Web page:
Beth: It's such a maddening conversation because it always starts out where someone says, "You're being subconsciously racist or sexist" and the person is like, "I'm not consciously racist or sexist." And you're like, "No, that's not what I was saying. I was saying subconsciously."

I thought it was amazing when you made your whole front page a commentary on how we speak about rape and rape survivors in mainstream culture. Sometimes, comedians complain that they can't joke about anything anymore or someone will get offended. But I thought your approach showed that comedians can address rape and other sensitive topics, they just can't use a joke to perpetuate a preexisting power imbalance. I'm curious how you feel when you hear comedians saying social justice limits comedy?

Sarah: That guy is just mad that half his material is gone now. That's the kind of malicious guy who is an idiot. But there is also a more insidious type of guy too who is just so uncomfortable with the idea that rape culture is a thing he has to face that he'll make shitty jokes, like maybe even making fun of the rapist, and there are still so many simply unfunny joke because there's a lack of self-awareness.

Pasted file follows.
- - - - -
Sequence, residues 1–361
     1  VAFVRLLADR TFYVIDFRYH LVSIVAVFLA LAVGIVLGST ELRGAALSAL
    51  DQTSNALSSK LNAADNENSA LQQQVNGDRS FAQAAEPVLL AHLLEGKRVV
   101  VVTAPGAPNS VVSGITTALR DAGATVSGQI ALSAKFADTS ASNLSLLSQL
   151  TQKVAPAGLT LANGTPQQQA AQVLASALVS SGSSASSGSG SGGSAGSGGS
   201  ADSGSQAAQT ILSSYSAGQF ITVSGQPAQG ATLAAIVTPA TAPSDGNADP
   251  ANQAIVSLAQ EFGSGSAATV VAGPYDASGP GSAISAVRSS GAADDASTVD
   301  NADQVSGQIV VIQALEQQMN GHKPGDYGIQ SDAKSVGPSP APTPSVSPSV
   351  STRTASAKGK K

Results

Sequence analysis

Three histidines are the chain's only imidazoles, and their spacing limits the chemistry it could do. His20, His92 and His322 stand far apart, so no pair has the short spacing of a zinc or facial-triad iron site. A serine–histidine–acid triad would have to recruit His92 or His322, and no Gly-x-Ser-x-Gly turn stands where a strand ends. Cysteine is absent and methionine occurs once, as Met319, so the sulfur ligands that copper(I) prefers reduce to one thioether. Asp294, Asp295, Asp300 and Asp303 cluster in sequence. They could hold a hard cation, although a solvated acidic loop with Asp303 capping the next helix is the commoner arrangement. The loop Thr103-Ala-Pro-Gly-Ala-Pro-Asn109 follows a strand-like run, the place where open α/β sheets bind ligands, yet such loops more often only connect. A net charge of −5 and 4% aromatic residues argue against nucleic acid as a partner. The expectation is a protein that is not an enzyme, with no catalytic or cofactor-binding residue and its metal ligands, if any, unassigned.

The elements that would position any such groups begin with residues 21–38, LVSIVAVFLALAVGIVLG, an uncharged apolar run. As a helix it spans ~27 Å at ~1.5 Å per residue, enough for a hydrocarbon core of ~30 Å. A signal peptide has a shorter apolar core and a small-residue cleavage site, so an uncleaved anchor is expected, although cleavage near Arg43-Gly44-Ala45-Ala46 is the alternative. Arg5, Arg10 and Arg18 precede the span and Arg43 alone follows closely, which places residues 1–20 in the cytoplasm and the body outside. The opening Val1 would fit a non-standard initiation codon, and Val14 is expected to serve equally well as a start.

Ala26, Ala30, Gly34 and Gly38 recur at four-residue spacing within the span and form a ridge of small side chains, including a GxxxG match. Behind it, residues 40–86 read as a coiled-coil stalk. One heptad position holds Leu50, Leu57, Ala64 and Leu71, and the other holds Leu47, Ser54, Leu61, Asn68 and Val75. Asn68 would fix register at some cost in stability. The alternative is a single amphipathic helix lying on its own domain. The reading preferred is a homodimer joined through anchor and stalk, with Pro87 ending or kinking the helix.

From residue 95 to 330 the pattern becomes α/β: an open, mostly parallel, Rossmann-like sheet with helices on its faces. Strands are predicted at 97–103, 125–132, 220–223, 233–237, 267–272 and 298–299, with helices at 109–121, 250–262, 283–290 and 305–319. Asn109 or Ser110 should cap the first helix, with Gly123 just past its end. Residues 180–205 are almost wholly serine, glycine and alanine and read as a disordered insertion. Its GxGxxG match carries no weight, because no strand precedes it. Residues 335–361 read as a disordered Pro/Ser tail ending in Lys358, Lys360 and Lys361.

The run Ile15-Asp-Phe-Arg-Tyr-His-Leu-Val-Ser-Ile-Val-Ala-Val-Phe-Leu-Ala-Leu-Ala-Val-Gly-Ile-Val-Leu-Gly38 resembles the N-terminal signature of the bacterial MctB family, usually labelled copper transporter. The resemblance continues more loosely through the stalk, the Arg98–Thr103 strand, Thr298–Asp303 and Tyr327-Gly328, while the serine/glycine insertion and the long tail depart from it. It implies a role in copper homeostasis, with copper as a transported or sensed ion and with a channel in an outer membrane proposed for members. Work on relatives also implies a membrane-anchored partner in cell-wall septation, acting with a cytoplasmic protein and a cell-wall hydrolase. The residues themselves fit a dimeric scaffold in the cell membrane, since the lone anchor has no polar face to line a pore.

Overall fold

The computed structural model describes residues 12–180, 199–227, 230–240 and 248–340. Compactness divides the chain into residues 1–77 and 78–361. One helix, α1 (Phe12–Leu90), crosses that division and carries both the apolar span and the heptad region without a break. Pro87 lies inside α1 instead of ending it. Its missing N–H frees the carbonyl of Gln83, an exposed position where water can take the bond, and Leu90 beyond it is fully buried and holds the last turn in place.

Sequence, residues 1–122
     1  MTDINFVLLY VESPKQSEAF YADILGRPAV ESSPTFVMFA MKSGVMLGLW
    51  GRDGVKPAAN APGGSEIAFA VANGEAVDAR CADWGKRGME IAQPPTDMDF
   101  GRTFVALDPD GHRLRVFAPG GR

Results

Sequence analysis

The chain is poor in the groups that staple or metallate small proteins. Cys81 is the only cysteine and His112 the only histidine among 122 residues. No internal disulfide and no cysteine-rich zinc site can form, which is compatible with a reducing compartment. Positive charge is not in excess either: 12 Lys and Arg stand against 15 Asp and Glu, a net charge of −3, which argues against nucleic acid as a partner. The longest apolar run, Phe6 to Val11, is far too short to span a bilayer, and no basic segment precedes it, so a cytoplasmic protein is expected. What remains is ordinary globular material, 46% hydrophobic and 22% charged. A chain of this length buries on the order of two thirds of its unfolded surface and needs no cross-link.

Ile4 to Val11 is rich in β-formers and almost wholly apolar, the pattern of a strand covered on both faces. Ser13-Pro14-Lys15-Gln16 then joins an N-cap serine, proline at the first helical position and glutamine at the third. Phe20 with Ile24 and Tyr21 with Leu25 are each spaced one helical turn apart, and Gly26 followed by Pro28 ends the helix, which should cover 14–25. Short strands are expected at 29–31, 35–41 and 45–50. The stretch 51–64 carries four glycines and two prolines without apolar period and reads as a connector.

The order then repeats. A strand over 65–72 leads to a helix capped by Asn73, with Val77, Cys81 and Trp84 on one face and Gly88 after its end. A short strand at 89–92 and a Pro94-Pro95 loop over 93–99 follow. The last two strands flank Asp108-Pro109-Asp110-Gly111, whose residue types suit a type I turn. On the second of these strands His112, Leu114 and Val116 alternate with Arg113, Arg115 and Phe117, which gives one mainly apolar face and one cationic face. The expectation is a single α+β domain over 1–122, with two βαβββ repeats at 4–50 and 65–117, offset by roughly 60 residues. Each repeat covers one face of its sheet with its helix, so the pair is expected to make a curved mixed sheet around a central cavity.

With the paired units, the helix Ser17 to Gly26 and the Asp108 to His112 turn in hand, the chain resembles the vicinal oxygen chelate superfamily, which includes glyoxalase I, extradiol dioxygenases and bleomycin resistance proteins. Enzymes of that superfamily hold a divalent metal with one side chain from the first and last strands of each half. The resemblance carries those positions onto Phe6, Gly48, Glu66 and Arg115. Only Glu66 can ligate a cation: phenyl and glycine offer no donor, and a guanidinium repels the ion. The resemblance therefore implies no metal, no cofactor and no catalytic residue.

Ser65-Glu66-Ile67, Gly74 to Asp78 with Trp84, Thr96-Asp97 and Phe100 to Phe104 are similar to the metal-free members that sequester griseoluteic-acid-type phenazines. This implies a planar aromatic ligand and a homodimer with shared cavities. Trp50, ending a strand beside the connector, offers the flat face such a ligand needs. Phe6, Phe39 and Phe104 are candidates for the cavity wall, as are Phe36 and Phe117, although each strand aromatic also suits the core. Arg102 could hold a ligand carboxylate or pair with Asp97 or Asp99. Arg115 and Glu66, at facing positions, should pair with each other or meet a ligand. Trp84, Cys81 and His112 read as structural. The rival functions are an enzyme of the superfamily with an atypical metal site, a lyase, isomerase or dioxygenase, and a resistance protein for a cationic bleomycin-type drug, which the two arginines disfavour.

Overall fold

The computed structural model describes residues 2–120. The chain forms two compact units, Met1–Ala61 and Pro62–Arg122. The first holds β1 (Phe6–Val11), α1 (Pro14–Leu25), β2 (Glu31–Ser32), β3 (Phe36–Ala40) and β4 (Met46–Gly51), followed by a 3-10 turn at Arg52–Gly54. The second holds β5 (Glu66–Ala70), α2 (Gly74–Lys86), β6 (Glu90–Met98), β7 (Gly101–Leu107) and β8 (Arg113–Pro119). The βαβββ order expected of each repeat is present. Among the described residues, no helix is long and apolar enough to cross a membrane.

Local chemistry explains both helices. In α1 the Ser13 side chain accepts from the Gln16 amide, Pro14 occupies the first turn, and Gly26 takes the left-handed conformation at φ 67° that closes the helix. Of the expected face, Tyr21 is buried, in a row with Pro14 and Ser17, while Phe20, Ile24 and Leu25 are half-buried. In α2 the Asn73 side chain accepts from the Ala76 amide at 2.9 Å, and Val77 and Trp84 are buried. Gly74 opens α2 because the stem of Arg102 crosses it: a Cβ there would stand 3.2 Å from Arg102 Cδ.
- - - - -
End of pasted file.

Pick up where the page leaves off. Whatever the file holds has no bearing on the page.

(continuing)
Beth: [Those jokes] miss the point about how serious the issue is. We were seeing it around the Bill Cosby rape event. All these guys on Twitter would be making jokes laughing at Bill Cosby saying, "Haha I got him- We win!" and it's not like their jokes weren't sort of funny in a way, but they sort of just diminished the importance of the issue and the incredible trauma that these women experienced. No one "won". He got away with it.

Sarah: Don't try to make jokes about things that aren't your experience. At the crux of what we're doing when we make a joke is gaining power by making people laugh. It's one thing if it's a disempowered person shedding some perspective on [a sensitive issue] and empowering themselves, but it's so weird when a guy who already has power is trying to gain more power by exploiting someone else's trauma.